rules:
    - id: single-line-example2
    severity: WARNING
    languages: [generic]
    options:
    generic_engine: aliengrep
    generic_multiline: false
    message: "found a password field"
    pattern: "a\nb"

    The pattern "a\nb" in the YAML rule file matches the following code:

    x a
    b x

    The pattern does not match if there is another number of newlines between a and b. The single-line mode does not match the following target input:

    x a b x

    It does however match in the default multiline mode of Aliengrep.

    caution

    YAML syntax makes it easy to introduce significant newline characters in patterns without realizing it. When in doubt and for better clarity, use the quoted string syntax "a\nb" as we did in the preceding example. This ensures no trailing newline is added accidentally when using the single-line mode.

    Long ellipsis (....)​

    A long ellipsis (written as four dots, ....) and its capturing variant $....X matches a sequence of any lexical elements even in single-line mode. It's useful for skipping any number of lines in single-line mode.

    In multiline mode, a regular ellipsis (three dots ...) has the same behavior as a long ellipsis (four dots ....).

    note

    We wonder if the visual difference between ... and .... is too subtle. Let us know if you have ideas for a better syntax than four dots .....

    Additional word characters captured by metavariables​

    In the generic modes, a metavariable captures a word. The default pattern followed by a word is [A-Za-z_0-9]+ (a sequence of one or more alphanumeric characters or underscores). The set of characters that comprise a word can be configured as an option in the Semgrep rule as follows:

    rules:
    - id: custom-word-chars
    severity: WARNING
    languages: [generic]
    options:
    generic_engine: aliengrep
    generic_extra_word_characters: ["+", "/", "="]
    message: "found something"
    pattern: "data = $DATA;"

    The preceding example allows matching Base64-encoded data such as in the following target input:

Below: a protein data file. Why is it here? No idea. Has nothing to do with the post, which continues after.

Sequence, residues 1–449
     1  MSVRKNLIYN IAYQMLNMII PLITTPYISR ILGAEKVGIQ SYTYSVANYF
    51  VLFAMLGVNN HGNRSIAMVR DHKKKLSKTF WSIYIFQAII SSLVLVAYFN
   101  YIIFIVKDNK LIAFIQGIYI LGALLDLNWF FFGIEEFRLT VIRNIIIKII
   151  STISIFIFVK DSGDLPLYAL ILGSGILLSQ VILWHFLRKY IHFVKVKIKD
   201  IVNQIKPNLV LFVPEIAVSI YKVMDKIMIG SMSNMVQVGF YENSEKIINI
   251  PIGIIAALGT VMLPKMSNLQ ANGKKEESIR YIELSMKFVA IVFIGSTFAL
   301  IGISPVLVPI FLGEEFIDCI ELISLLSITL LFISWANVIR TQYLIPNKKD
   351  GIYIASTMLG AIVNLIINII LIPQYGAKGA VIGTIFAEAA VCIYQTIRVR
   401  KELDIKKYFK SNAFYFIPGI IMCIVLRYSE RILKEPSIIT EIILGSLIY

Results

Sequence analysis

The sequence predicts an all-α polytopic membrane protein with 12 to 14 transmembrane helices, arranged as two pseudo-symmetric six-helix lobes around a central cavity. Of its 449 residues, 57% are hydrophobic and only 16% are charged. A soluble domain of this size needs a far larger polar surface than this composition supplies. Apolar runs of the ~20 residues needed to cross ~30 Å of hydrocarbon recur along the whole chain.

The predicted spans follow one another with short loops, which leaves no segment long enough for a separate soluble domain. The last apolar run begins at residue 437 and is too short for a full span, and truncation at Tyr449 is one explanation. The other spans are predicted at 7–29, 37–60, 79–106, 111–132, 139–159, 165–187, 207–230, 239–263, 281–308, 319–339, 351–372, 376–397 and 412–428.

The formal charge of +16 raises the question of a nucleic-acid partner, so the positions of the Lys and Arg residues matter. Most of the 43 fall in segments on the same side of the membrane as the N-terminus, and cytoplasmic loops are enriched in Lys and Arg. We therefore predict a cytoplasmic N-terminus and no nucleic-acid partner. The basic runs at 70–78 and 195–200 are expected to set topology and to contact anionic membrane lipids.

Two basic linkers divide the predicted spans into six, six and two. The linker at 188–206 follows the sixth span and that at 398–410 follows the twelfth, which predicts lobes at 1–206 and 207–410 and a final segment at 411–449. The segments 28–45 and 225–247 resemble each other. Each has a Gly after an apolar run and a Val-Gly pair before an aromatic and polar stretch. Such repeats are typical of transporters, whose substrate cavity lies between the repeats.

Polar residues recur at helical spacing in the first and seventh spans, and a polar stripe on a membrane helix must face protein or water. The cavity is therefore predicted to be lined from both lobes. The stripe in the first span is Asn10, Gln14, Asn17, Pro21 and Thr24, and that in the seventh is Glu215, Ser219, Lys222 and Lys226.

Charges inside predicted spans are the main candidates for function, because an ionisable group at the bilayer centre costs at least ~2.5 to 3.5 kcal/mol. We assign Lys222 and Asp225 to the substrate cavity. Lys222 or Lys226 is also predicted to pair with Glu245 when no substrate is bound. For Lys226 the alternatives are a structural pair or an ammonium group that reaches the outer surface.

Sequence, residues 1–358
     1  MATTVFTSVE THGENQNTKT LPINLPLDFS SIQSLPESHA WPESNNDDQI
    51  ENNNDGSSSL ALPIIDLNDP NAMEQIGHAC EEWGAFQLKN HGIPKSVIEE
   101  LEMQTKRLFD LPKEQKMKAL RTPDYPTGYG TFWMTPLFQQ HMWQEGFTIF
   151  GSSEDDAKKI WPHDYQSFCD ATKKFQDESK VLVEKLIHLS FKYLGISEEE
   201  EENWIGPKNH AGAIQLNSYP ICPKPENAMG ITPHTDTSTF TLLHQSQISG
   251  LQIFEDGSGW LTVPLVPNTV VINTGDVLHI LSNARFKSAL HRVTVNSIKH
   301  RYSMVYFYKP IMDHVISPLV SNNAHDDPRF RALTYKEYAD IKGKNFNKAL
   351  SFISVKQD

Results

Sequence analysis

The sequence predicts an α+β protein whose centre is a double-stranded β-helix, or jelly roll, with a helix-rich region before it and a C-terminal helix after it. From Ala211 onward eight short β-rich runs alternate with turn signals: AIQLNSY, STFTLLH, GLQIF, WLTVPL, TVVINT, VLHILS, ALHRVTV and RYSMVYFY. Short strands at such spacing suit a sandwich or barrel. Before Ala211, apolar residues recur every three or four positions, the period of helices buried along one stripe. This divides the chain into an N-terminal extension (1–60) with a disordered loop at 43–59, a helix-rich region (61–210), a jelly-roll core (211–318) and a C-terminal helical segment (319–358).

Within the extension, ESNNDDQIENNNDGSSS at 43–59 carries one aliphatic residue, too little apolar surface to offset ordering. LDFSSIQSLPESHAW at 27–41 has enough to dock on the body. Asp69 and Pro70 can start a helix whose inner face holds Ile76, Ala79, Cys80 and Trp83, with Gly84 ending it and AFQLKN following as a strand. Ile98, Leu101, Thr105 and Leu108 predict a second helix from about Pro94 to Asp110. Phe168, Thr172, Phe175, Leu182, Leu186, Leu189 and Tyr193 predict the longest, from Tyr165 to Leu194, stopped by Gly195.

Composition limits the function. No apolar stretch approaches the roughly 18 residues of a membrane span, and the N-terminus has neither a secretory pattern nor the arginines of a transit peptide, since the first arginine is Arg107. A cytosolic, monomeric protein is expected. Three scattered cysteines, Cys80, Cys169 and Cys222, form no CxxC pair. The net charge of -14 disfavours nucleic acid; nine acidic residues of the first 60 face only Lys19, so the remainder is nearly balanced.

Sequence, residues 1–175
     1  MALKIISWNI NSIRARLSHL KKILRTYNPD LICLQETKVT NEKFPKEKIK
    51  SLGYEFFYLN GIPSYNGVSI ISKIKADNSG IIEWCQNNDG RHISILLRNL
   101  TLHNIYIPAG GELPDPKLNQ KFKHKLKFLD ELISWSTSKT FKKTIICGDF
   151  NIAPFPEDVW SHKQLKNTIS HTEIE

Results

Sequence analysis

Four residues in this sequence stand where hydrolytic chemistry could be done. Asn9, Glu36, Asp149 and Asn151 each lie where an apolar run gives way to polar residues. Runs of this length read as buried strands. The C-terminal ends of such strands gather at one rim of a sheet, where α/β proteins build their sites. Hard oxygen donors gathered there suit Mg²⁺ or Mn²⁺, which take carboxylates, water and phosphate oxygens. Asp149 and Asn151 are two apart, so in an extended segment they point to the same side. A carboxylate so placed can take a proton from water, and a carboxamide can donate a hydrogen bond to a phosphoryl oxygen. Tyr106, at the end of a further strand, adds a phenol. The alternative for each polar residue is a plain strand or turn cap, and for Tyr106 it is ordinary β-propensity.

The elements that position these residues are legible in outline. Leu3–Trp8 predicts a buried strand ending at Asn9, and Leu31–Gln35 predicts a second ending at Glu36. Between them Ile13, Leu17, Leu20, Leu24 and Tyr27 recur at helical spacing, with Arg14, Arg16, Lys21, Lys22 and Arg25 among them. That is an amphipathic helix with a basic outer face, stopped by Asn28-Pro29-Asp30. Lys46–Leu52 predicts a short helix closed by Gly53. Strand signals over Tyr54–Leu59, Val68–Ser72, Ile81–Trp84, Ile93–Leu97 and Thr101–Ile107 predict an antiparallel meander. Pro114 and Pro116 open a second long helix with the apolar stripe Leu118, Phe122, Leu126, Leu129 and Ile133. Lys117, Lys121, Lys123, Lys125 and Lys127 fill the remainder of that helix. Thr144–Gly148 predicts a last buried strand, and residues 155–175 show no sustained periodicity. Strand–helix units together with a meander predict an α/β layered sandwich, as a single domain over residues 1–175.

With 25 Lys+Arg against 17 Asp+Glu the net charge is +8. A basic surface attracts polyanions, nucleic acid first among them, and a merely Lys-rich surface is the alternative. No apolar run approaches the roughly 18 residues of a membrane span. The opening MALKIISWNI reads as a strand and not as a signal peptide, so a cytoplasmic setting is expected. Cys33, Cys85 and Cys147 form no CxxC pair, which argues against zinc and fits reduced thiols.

data = bGlnaHQgd29yaw==;

    There's currently no option to remove word characters from the default set.

    Custom brackets​

    The Aliengrep engine performs brace matching as expected in English text. The default brace pairs are parentheses (()), square brackets ([]), and curly braces ({}). In single-line mode, ASCII single quotes and double quotes are also treated like brace pairs by default. The following rule demonstrates the addition of <> as an extra pair of braces by specifying options.generic_extra_braces:

    rules:
    - id: edgy-brackets
    severity: WARNING
    languages: [generic]
    options:
    generic_engine: aliengrep
    generic_extra_braces: [["<", ">"]]
    message: "found something"
    pattern: "x ... x"

    This pattern matches the x <x> x in the following target input:

    a x <x> x a

    Without declaring <> as braces, the rule would match only x <x.

    The set of brace pairs can be completely replaced by using the field options.generic_braces as follows:

    rules:
    - id: edgy-brackets-only
    severity: WARNING
    languages: [generic]
    options:
    generic_engine: aliengrep
    generic_braces: [["<", ">"]]
    message: "found something"
    pattern: "x ... x"

    Case-insensitive matching​

    Some languages are case-insensitive according to Unicode rules (UTF-8 encoding). To deal with this, Aliengrep offers an option for case-insensitive matching options.generic_caseless: true.

    rules:
    - id: caseless
    severity: WARNING
    languages: [generic]
    options:
    generic_engine: aliengrep
    generic_multiline: false
    generic_caseless: true
    message: "found something"
    pattern: "Content-Type: $...CT"

    This rule matches Content-Type: text/html but also content-type: text/html or CONTENT-TyPe: text/HTML among all the possible variants.

    caution

    Back-referencing a metavariable requires an exact repeat of the text captured by the metavariable, even in caseless mode. For example, $X $X matches ab ab and AB AB but not ab AB.